Engineering & Mining Journal

APR 2019

Engineering and Mining Journal - Whether the market is copper, gold, nickel, iron ore, lead/zinc, PGM, diamonds or other commodities, E&MJ takes the lead in projecting trends, following development and reporting on the most efficient operating pr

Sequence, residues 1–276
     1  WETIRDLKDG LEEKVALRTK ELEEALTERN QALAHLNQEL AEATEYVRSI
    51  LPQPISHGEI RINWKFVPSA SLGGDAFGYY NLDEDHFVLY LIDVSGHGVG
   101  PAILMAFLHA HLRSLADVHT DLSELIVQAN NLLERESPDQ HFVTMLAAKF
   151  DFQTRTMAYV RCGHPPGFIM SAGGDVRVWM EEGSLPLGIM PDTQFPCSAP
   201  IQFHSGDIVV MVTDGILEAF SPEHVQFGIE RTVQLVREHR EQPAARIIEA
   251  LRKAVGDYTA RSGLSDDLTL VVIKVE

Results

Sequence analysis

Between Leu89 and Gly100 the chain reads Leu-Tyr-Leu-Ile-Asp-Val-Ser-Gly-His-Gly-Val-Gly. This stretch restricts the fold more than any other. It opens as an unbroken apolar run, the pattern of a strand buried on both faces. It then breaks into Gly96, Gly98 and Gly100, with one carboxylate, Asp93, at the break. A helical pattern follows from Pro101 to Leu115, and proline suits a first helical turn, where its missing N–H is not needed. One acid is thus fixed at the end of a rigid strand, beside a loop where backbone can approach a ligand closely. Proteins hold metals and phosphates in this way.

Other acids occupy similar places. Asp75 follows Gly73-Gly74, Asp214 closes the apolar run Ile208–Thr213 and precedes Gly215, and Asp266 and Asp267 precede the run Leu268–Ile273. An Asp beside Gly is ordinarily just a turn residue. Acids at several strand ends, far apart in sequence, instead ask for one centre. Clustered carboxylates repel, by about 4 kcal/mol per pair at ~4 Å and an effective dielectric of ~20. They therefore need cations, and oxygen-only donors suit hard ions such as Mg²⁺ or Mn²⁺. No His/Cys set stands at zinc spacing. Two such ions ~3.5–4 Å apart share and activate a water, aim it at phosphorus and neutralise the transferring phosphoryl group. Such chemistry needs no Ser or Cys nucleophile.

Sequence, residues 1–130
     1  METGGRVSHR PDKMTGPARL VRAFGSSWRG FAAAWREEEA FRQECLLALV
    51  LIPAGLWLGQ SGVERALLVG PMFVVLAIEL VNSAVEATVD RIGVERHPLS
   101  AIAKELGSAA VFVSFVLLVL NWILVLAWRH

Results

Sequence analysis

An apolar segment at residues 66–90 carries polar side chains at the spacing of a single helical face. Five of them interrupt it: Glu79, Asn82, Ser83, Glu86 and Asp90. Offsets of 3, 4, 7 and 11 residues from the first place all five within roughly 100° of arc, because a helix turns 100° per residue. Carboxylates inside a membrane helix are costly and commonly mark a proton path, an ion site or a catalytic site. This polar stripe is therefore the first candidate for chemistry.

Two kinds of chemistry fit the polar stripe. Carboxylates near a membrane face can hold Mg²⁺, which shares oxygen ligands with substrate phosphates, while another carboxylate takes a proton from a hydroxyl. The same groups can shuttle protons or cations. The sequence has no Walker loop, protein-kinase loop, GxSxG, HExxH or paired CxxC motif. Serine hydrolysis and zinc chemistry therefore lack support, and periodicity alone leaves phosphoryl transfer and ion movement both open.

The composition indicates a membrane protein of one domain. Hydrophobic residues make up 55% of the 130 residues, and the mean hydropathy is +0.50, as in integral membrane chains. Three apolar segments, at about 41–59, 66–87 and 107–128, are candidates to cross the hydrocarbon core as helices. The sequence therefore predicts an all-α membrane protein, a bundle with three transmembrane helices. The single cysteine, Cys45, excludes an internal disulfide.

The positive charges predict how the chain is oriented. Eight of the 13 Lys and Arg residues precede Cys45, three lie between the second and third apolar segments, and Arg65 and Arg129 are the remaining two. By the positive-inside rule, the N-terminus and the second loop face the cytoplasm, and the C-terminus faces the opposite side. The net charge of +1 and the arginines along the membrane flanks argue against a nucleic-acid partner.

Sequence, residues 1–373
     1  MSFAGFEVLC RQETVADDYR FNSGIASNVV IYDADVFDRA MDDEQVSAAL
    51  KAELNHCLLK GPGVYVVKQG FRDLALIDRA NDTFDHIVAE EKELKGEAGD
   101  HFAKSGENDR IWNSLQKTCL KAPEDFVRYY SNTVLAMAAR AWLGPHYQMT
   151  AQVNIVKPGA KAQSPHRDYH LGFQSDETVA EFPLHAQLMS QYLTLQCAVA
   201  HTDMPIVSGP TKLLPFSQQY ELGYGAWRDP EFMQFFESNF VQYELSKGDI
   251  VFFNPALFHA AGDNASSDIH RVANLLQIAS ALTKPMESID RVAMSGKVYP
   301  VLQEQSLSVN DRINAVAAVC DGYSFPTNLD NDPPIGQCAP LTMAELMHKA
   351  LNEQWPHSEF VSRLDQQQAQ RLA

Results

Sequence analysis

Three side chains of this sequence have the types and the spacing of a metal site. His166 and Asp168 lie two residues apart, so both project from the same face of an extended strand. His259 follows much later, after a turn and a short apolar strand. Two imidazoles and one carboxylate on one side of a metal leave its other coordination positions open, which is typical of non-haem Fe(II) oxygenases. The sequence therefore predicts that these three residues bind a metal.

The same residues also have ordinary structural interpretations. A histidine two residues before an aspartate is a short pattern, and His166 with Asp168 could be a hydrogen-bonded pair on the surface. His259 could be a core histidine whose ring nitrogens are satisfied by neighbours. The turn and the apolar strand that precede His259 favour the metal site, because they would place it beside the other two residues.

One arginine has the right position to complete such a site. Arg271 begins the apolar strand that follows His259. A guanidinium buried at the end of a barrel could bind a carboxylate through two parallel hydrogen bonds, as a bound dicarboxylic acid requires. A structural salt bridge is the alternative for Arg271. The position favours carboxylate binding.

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62 E&MJ • APRIL 2019 MINING IN BRITISH COLUMBIA AND YUKON tration using mining tailings. FPX's flagship Baptiste deposit in the Decar nickel district in central B.C. is rich in a mineral called bru- cite. When brucite is exposed to CO 2 , either from flu-gas or atmospherically, it acts as a carbon sink and catches carbon and stabi- lizes the tailings material. Martin Turenne, president & CEO of FPX, sees transforma- tional potential in BRIMM's CO 2 sequestra- tion project: "We believe that there is the po- tential here to demonstrate that mines with the right mineralogical characteristics could potentially have a neutral carbon footprint. In the context of global concerns over climate change, this would be a revolutionary step for the mining industry." Conclusion: lean times prepare a diverse Vancouver mining community for the impending upturn For some companies, the downturn has been a blessing in disguise, forcing the hand of a traditional industry to develop new solu- tions which, in turn, can be exported to a global audience. "The downturn sparked the drive for more innovation, and because the new upcycle has been slow and incremen- tal we have had the opportunity to develop innovative solutions and allow them to ma- ture organically," observed Wayne Barnett, principal consultant (structural geology) from SRK's Vancouver office. For the swathes of small-cap juniors re- siding in Vancouver, lessons must be learned from the barren years, and an adaptation to the current mining context, where promising drill results alone will not guarantee financial gain, is critical. Mike Vint, vice president of Endeavour Financial, emphasized the need for smaller companies to have a long term goal and keep their options open with re- spect to financing: "At a junior stage, and when equity markets are not there, they have to be open to alternatives. Do not jump into bed with the first person that comes along." The mid-tiers and majors operating on a global scale must take note of the potential pitfalls of unsustainable growth in an envi- ronment ripe for M&A activity. When acquir- ing a company, you also acquire its liabilities and, in a worst case scenario, tragedies such as the Brumadinho tailings dam collapse can leave scars far deeper than the balance sheet. "I have operated gold mines in Can- ada and recognize how important a social license is when doing so. When you work in a community you need to make sure you de- liver a sustainable and positive effect to the community long after the mine has closed," concluded Randy Smallwood, president and CEO of Wheaton Precious Metals. ma superclusters in Massachusetts and the San Francisco Bay Area, to the Fraunhofer institutes and research establishments in Germany, some of the most transformational advances in innovation originate from univer- sities working in collaboration with industry partners. The Bradshaw Research Initiative for Minerals and Mining (BRIMM) at the Univer- sity of British Columbia (UBC) is dedicated to solving large-scale lifecycle problems for the mining industry, bringing together the traditionally siloed academic and mining groups to collaborate on issues that need an inter-disciplinary focus. "BRIMM is directly focused on solving the industry's problems in the near term, not just 10 or 20 years from now," explained Greg Dipple, BRIMM's director. Peter Bradshaw provided the seed fund- ing to launch BRIMM, but collaboration with industry players across the value chain is helping advance BRIMM's R&D to a com- mercial stage. BRIMM has been working on a CO 2 sequestration project for almost 15 years with mining companies across Austra- lia, Canada and Southern Africa. De Beers, the world's largest diamond producer, and FPX Nickel, the Vancouver-based junior, have been at the forefront of funding research work at UBC on the issue of carbon seques-

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